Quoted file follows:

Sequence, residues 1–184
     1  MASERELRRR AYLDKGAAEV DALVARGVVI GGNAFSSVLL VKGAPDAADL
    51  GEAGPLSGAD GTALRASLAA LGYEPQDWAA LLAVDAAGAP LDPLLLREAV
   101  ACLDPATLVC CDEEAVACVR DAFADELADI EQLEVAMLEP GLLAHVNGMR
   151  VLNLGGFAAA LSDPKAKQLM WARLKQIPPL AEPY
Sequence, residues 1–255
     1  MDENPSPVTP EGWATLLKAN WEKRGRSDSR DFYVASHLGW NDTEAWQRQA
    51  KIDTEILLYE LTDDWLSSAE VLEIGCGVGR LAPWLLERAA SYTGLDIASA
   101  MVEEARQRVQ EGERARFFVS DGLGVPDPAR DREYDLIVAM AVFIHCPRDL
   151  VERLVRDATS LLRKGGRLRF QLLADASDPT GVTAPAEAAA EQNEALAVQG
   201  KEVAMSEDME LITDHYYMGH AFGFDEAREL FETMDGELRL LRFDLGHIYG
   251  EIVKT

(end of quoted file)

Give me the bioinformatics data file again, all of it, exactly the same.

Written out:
Sequence, residues 1–184
     1  MASERELRRR AYLDKGAAEV DALVARGVVI GGNAFSSVLL VKGAPDAADL
    51  GEAGPLSGAD GTALRASLAA LGYEPQDWAA LLAVDAAGAP LDPLLLREAV
   101  ACLDPATLVC CDEEAVACVR DAFADELADI EQLEVAMLEP GLLAHVNGMR
   151  VLNLGGFAAA LSDPKAKQLM WARLKQIPPL AEPY
Sequence, residues 1–255
     1  MDENPSPVTP EGWATLLKAN WEKRGRSDSR DFYVASHLGW NDTEAWQRQA
    51  KIDTEILLYE LTDDWLSSAE VLEIGCGVGR LAPWLLERAA SYTGLDIASA
   101  MVEEARQRVQ EGERARFFVS DGLGVPDPAR DREYDLIVAM AVFIHCPRDL
   151  VERLVRDATS LLRKGGRLRF QLLADASDPT GVTAPAEAAA EQNEALAVQG
   201  KEVAMSEDME LITDHYYMGH AFGFDEAREL FETMDGELRL LRFDLGHIYG
   251  EIVKT